(b) In non-bankruptcy cases, agencies seeking the collection of statutory penalties, forfeitures, or other types of claims should consider the suspension or revocation of licenses, permits, or other privileges for any inexcusable or willful failure of a debtor to pay such a debt in accordance with the agency's regulations or governing procedures. The debtor should be advised in the agency's written demand for payment of the agency's ability to suspend or revoke licenses, permits, or privileges. Any agency making, guaranteeing, insuring, acquiring, or participating in, loans should consider suspending or disqualifying any lender, contractor, or broker from doing further business with the agency or engaging in programs sponsored by the agency if such lender, contractor, or broker fails to pay its debts to the Government within a reasonable time or if such lender, contractor, or broker has been suspended, debarred, or disqualified from participation in a program or activity by another Federal agency. The failure of any surety to honor its obligations in accordance with 31 U.S.C. 9305 should be reported to the Treasury. The Treasury will forward to all interested agencies notification that a surety's certificate of authority to do business with the Government has been revoked by the Treasury.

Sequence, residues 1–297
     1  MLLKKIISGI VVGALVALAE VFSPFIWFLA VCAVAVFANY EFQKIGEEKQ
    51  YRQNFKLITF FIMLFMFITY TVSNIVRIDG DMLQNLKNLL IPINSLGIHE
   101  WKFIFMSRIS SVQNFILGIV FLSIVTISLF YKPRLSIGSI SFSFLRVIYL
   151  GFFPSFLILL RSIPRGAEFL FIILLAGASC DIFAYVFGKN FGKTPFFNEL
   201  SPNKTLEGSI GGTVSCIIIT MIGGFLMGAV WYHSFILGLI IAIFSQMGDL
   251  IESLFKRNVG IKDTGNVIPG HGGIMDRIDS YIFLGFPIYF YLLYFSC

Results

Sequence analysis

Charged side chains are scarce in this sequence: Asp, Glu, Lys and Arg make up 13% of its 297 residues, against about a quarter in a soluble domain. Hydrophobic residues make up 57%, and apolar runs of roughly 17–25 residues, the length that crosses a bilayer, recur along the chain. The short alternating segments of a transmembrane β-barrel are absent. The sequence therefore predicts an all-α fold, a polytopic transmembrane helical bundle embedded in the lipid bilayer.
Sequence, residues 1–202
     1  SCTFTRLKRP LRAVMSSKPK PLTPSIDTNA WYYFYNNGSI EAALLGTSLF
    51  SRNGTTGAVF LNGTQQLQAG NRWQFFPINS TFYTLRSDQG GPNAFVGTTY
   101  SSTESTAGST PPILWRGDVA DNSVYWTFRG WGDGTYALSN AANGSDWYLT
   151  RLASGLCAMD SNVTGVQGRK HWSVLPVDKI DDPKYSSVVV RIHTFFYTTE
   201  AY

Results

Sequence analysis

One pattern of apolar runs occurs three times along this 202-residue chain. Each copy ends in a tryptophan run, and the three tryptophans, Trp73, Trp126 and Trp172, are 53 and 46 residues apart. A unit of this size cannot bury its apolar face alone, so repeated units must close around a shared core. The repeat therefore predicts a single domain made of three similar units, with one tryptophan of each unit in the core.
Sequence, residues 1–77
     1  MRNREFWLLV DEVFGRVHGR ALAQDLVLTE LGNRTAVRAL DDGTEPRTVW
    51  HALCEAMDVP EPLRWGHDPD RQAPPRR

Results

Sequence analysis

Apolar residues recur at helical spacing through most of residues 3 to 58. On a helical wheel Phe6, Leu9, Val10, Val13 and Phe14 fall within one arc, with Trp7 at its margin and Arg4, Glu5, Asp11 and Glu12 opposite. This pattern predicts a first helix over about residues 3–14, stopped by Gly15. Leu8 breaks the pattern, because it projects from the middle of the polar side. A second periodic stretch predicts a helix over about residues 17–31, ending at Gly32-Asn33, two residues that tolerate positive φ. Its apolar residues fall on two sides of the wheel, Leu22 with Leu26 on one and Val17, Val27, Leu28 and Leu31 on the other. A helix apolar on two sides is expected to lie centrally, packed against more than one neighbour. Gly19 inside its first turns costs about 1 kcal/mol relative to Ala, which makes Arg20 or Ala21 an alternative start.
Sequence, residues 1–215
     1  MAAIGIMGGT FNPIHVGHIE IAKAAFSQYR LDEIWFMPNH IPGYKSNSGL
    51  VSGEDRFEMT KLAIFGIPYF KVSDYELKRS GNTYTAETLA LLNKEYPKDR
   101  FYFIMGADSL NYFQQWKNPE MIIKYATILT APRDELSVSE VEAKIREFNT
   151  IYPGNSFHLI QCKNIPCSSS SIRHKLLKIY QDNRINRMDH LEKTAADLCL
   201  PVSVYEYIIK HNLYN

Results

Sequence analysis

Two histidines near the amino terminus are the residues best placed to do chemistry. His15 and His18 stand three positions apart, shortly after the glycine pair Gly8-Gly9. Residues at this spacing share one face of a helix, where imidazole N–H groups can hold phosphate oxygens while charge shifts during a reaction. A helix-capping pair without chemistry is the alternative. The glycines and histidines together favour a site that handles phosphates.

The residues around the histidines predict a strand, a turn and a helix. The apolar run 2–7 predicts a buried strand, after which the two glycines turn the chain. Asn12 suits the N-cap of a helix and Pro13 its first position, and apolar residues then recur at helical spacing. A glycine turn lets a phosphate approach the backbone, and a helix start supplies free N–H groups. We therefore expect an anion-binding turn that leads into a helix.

(c) The suspension or revocation of licenses, permits, or privileges also should extend to Federal programs or activities that are administered by the states on behalf of the Federal Government, to the extent that they affect the Federal Government's ability to collect money or funds owed by debtors. Therefore, states that manage Federal activities, pursuant to approval from the agencies, should ensure that appropriate steps are taken to safeguard against issuing licenses, permits, or privileges to debtors who fail to pay their debts to the Federal Government.
(d) In bankruptcy cases, before advising the debtor of an agency's intention to suspend or revoke licenses, permits, or privileges, agencies should seek legal advice from their agency counsel concerning the impact of the Bankruptcy Code, particularly 11 U.S.C. 362 and 525, which may restrict such action.